There has been a more than 500% increase in only five years in the number of people who have been hit with penalties for not engaging with the Government’s job activation services.
The increase in penalising those on social welfare by reducing their rate of jobseekers’ payments has prompted Fianna Fáil to describe the treatment as akin to Oliver Twist-like conditions in English workhouses.
Department of Social Protection figures show 10,867 people were sanctioned for failing to engage with the job activation schemes last year. That compares to 1,519 last year. The figure has increased every year since and so far 34,030 have been penalised. This year, 5,822 jobseekers have been affected.
Social Protection Minister Leo Varadkar says penalty rates were introduced “as a means of encouraging jobseekers to engage with activation measures and co-operate with efforts of the department to assist them in securing employment”.
In an answer to a parliamentary question from Fianna Fáil’s Willie O’Dea, he said his department is committed to incentivising the take-up of activation opportunities, including sanctions for failure to engage.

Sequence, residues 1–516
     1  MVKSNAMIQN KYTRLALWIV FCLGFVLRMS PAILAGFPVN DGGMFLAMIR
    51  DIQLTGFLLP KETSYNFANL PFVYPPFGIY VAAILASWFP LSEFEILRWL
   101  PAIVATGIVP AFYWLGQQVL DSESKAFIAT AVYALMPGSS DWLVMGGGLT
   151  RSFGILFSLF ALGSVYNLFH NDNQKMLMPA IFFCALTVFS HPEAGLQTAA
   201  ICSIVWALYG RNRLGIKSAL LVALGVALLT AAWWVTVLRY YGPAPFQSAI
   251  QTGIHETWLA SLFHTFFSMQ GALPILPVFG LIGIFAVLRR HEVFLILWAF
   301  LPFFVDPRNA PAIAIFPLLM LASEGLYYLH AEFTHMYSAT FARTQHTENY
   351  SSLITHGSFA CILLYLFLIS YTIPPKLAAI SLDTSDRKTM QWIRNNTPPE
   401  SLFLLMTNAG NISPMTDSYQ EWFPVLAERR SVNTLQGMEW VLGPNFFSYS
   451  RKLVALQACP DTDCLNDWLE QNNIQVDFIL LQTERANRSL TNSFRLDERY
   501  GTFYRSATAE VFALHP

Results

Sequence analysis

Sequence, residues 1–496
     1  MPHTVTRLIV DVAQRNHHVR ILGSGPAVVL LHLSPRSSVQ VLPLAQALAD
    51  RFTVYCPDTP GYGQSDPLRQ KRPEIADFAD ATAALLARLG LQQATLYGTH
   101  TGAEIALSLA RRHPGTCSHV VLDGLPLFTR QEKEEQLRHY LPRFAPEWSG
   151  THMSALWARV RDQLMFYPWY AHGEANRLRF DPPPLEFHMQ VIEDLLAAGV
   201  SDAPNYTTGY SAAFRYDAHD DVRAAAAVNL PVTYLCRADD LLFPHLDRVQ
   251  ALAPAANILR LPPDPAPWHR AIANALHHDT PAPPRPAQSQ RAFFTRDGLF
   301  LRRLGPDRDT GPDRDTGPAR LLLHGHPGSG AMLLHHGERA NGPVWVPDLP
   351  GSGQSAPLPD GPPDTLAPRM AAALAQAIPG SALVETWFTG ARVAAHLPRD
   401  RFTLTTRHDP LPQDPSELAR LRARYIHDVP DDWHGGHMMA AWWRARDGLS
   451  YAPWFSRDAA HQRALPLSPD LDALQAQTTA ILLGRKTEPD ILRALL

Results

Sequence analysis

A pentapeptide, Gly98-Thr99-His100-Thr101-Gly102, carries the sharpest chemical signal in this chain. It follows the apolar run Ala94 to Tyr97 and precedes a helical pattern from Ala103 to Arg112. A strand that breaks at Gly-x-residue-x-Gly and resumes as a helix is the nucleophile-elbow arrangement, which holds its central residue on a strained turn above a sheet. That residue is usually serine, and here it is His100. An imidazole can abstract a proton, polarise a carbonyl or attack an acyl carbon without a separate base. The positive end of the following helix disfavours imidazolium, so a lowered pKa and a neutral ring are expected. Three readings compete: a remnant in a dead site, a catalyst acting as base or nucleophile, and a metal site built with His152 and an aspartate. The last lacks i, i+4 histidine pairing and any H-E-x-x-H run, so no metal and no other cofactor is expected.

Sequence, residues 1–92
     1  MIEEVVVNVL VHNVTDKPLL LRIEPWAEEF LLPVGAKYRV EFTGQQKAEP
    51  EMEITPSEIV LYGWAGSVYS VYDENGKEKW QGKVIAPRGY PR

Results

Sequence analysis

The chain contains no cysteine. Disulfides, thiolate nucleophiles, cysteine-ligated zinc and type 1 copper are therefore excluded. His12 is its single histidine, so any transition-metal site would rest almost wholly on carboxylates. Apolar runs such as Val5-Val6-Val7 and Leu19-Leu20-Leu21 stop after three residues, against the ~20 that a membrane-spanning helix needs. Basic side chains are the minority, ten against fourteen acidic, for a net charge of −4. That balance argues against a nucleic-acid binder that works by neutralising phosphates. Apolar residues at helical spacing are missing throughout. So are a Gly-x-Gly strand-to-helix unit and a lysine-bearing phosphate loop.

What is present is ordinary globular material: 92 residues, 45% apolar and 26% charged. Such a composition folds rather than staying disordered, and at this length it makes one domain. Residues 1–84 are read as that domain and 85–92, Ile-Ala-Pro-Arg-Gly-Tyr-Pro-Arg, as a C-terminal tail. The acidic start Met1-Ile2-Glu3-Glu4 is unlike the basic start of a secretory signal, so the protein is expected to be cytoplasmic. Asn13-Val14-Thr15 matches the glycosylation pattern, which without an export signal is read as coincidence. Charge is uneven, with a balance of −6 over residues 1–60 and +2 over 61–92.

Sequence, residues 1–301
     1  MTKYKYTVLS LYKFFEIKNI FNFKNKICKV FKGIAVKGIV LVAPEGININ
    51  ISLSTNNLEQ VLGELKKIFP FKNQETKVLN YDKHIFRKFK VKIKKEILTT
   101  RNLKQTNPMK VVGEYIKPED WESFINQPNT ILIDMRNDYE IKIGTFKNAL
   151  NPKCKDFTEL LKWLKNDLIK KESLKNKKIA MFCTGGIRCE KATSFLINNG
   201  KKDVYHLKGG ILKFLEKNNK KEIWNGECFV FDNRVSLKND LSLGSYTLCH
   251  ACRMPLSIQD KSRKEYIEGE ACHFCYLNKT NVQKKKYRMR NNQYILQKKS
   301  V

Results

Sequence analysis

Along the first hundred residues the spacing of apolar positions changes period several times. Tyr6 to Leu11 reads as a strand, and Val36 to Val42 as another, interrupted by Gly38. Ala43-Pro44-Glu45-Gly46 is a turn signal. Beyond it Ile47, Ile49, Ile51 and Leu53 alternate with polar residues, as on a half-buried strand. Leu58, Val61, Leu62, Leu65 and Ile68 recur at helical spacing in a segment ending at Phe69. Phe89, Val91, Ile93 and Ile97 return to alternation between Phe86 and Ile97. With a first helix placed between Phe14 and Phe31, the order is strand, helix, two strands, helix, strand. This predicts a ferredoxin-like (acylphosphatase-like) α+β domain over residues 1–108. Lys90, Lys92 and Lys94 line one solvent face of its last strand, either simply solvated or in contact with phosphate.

“The legislation underpinning the application of penalty rates is provided for in social welfare legislation,” he said. “The application of the penalty provisions can only be applied in specific circumstances and the decision to impose a penalty can only be made by a deciding officer of the department. ”
One of the largest areas where people have faced penalties on payments is under the JobPath scheme. According to Mr Varadkar, of the 95,000 clients who started their engagement period with the service since its inception in July 2015, about 19,000 “non-engagement cases have arisen”.
“However a reduction in jobseekers’ related payments has only occurred in circa 4,000 cases,” he said.
If someone is put on a penalty rate and continues not to meet the conditions, they can be disqualified from the jobseeker’s payment for up to nine weeks. They cannot be disqualified immediately — a penalty rate must apply first for at least 21 days. A person who receives a jobseekers’ benefit of €193 per week, for example, could lose up to €44 from each payment.
Mr O’Dea said the level of sanctions on jobseekers payments has been increasing exponentially. He said those looking for work were facing sanctions for not engaging with activation schemes, however inappropriate the position might be.
“It might cost them as the position is maybe 30km-40km away,” he said. “Or they might be offered an education course in a subject in which they have no interest in pursuing a career.”
He said sanctions and activation should not be linked and that a flexible activation scheme is required as opposed to one one which reminds him of 1830s England and “Oliver Twist in the workhouse”.
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